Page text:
Mississipi Million

The Great River Rowed

Gateway to the South…

Gateway to the South…

Posted by on Sep 26, 2014

Cairo, Illinois.

For quite some time now, at least two weeks before we reached St Louis, there has been a great deal of chatter amongst the team about “the South” of the USA and the Mississippi river in particular. We have canvassed opinion everywhere we could – in the locks, in the hotels, on the streets, in the shops and in the restaurants. Whenever we asked, we received a different answer.

Certain elements were always agreed. When we reached Arkansas and Kentucky, we would definitely be in the south. When we were in northern Missouri, that was (probably for most people) the north. The really tricky thing was defining precisely when the north became the south. We had noticed accents changing, but this was inconclusive. We noticed a prevalence of different foods on menus (biscuits and sausage gravy at breakfast anyone?) and lots of barbecue restaurants, but again nothing definitive. For all sorts of perhaps obvious reasons, not the least of which was to define our progress, we wanted to be clear about when we were in the south.

Paddy and John

Paddy and John

 

Richard and Don

Richard and Don

Yesterday, with me and Paddy rowing together on a gloriously sunny day, we encountered two guys in their kayaks. Richard and Don were old friends, probably in their late 60′s I would guess, who liked to spend time pottering up and down the Mississippi over a 50 mile stretch above and below Cape Girardeau. They were genuinely surprised and happy to see us and loved the boat we were in. They were sad that so few local folk used the river for pleasure as they were all too scared of it’s fearsome reputation. However, this was the perfect time to ask two locals whether we were yet in the south.

OLYMPUS DIGITAL CAMERA

Both said that the scene in both southern Illinois and southern Missouri had changed. When they were boys, there was cotton grown to the banks of the river and people loved cajun food and bluegrass music. Folks had time for each other and looked out for each other. So, when pressed, Don (from Illinois) said yes it was the south and Richard (from Missouri) said not yet!

What has therefore become crystal clear is that the south of the US is a state of mind. It is a culture – food, music, art, drama and, without question, a historical perspective – that defines whether someone is southern. It also seems to be that you need a first person connection – either you are born in the south or have “people” in the south. It almost seems like a variant of the Irish grand mother (guilty) connection. What is also clear is a cultural pride in the region and especially in one’s state. A proud Virginian, Louisianan or Texan (joke variant alert – you can tell a Texan. But not much…) is a prevalent an attitude as an association with the south.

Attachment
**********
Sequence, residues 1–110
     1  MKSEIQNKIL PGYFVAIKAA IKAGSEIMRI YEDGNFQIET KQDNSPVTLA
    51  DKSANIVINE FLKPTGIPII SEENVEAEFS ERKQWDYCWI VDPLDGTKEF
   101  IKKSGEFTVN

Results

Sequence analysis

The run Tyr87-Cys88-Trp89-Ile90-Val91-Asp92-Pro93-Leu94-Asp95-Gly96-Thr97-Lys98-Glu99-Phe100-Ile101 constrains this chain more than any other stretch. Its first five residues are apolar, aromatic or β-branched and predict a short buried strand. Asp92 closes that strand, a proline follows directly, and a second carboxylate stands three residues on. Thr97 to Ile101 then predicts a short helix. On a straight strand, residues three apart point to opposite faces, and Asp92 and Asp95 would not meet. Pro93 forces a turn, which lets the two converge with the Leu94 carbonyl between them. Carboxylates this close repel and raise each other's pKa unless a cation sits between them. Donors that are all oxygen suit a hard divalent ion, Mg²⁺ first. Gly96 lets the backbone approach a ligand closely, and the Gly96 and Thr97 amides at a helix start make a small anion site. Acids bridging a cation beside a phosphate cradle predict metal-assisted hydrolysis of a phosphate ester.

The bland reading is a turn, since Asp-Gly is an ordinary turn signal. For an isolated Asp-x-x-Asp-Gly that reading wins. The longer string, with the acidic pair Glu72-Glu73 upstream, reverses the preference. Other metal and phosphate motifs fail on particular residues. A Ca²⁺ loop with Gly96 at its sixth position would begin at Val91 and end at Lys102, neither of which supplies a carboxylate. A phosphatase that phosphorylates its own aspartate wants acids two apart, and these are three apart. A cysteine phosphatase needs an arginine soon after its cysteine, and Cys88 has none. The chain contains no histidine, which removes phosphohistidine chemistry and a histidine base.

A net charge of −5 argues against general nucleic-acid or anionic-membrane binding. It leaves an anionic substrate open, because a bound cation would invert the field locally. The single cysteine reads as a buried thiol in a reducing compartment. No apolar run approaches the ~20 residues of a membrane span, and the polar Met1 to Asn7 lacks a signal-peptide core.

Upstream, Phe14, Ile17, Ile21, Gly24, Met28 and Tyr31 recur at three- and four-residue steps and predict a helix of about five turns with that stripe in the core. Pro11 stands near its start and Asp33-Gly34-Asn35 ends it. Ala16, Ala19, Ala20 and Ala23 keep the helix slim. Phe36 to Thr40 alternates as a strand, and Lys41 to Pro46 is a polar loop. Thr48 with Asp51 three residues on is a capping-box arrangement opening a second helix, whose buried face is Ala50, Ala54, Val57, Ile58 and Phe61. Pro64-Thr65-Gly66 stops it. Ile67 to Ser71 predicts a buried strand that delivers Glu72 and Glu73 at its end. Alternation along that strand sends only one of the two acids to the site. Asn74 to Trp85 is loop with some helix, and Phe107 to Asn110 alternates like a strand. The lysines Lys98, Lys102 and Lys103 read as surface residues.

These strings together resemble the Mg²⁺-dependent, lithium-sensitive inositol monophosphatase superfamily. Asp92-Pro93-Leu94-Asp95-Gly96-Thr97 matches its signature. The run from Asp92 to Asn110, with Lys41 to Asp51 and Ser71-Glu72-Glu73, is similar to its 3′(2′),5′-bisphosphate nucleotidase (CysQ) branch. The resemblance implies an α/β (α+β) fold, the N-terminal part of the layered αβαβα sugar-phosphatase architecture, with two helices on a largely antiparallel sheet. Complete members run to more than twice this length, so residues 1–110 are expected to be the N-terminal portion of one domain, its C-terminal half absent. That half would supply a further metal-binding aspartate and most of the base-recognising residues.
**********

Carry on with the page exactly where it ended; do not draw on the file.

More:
Personally, I think that this cultural identity is a laudable trait, notwithstanding decades in which segregation and discrimination ruled. In a country with an extraordinary homogenisation of cities – Starbucks everywhere, identical shops and malls – cultural identity is eroded continually and I happen to believe it to be an important element and generally a force for good.

Suffice to say that tomorrow we will reach Kentucky and will then, unequivocally, be South.

Chris and John

Chris and John

We just waved goodbye to Chris Gate, founding supporter of this project and complete stalwart, who has been with us for the last few days. He stitched in several meetings so he could row with us for two days. A magnificent effort. Because he is a strong rower, we felt able to add to his mileage in an effort to clock up some big days. The four day sequence, ending tomorrow, has been 43 miles (JP and CG), 30 miles (JP and PB), 33 miles (JP and CG) and finally 50 miles (JP and PB).

156 miles in four days is tough, but we have a rest day thereafter.

We are now into the last month, and participants will be arriving every other day as momentum builds towards New Orleans. Although slightly tired, I am truly excited about this last month and what we are achieving. It is huge.

7 Comments

  1. Pritch
    Reading your reports full of admiration and
    can only imagine the pain you must be suffering–
    and that is not pleasant!! Not much further to go,
    so I can see no problem for a strong boy like you!!
    Cappers

    • Dear John,

      It gives me a good feeling that you are close to Ewaut (Edward) while he sails on the Mississippi river.
      I am a proud mother, but though I would really like to have him close to me sometimes.

      Wonderfull what you are doing for Right To Play.

      Feel free to come visit us in Belgium
      Greetings Lieve Boone

  2. Have to comment! it is exciting for us “onlookers” too.
    Thank you both for taking the time to keep us
    —the fans — updated and informed.

  3. Hey, that’s us! It was such a pleasure talking to you 3 Mid-Mississippi. Wished we had more time to talk. Good luck to you. The river changes character at Cairo. The barge traffic doubles or triples.
    don

  4. JP
    Your left leg looks a bit wet in that photo – like you’ve just been splashed – was it:
    1. Spilled your drink at the break
    2. A bit sweaty due to the heat
    3. Stroke had just splashed you with a sloppy catch on bow side
    4. Just been hit by one of those Asian flying carp?
    Do tell us
    CG

  5. John, good to catch up on your progress in recent weeks. Sounds as if it has been challenging–no surprise there–but you have been meeting the challenge (no surprise there either!). Lucy, Matt and I think of the two days with you guys as a highlight of the summer. Keep on trucking.

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